Removal of ELAC mural: censorship, ignorance

HASta La Vista— Mural by Roberto Chavez on the G-3 auditorium called “The Path to Knowledge and the False University” Photo Courtesy of Manuel Delgadillo

By Eddie Mike Garcia

It was upsetting to hear about the short-lived history of East Los Angeles College’s mural of 1979.

The mural put ELAC on the map of a growing Chicano art movement of the time.

In 1974, ELAC had an opportunity to merge its educational goals for Chicana/o students with those of the Chicana/o Mural Movement, a critical component of the larger Chicano Movement.

That year, Roberto Chavez, an art instructor for 12 years and chair of the Mexican American Studies Department, was awarded a $3,500 Instructional Development Grant to teach a class on painting murals.

Stimulated by the cultural and political ideas of the chicano mural movement, Chavez designed a mural that brought together images of nature with symbols of deceit, war and pollution.

Its title, “The Path to Knowledge and the False University,” suggested criticism of curricular activities within educational institutions.

The mural was a distinctive image of Chicano muralist paintings on L.A.’s eastside.

The span of ELAC’s west-facing façade of the G-3 auditorium building allowed Chavez and art students to paint a mural that was 30 feet high and 200 feet in length.

Its size made it the largest mural ever painted in East Los Angeles and could be seen driving east from downtown L.A. on the 60 Freeway before exiting on Atlantic Boulevard.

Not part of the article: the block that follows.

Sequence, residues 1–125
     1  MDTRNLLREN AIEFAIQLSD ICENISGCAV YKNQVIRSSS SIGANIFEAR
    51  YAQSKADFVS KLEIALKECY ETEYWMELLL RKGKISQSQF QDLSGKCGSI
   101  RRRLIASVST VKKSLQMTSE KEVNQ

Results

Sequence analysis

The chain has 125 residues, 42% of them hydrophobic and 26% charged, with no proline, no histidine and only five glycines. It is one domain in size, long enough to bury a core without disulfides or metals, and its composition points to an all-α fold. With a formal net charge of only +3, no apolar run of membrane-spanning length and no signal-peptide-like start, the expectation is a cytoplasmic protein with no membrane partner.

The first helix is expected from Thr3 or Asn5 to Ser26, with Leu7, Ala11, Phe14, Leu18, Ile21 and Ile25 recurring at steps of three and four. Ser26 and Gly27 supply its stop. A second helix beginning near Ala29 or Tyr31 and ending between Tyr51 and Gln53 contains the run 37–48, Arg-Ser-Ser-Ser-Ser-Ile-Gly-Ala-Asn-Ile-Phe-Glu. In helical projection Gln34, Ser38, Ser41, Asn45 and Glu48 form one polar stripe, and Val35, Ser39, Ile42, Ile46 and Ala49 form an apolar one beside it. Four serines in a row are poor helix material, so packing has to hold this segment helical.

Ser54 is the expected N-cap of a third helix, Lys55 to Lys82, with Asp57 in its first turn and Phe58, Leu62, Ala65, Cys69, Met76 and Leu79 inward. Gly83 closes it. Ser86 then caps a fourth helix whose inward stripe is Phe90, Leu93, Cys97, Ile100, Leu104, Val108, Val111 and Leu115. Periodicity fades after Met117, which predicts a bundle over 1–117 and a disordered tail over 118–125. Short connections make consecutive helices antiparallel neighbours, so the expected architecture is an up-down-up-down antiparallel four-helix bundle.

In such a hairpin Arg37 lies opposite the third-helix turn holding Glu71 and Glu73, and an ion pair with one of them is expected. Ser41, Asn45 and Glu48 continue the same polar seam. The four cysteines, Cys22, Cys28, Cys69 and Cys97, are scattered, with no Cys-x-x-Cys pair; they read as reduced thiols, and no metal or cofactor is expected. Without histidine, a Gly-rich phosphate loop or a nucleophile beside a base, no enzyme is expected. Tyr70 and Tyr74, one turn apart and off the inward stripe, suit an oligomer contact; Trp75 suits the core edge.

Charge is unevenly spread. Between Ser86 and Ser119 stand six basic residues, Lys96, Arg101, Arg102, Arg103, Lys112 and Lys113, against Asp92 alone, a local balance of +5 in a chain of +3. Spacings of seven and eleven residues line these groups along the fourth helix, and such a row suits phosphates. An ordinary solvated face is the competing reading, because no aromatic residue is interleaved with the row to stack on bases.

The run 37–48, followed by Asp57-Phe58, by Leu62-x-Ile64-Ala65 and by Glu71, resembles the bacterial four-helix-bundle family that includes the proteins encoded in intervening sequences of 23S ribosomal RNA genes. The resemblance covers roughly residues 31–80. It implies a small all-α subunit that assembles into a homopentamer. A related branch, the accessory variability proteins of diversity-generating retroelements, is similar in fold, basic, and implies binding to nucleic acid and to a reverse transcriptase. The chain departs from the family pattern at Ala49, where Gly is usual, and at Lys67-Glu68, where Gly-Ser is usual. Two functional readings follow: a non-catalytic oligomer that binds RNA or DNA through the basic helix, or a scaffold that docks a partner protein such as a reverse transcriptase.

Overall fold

It took two years to paint and one weekend in 1979 to eliminate it.

The mural depicted images of war, industry, deceit, pollution, and death.

Even though the mural did not suggest or give reference to a specific educational institution, it raised some controversy.

The newly-elected ELAC president Arthur D. Avila ordered the removal of the mural without giving a valid reason.

The whitewashing of the mural was the beginning of the end for the Chicano Studies Department’s crusading spirit.

Some students and faculty believed that the mural was removed because of administrators’ concerns about Chavez’s connections to the Chicano political and social movements.

“It has become clear that the mural’s removal was part of a larger agenda by the new college president and the administration to dull the progressive, political, and ethnic edge that had developed on campus,” Sybil Venegas, who was the first female full-time staff member of ELAC’s new Chicana/o Studies Department, told a L.A. Times reporter back in 1979.

“Why had an institution that had supported Chavez, the mural, and the Chicana/o studies program taken away something many of us felt connected to in one fell swoop?” Venegas said.

It’s discouraging to know that an institution that promotes education and enlightenment has the audacity to silence the message of an artist and the mural.

The fact that this happened almost 40 years ago does not mean that it should be forgotten and that this type of censorship doesn’t exist today.

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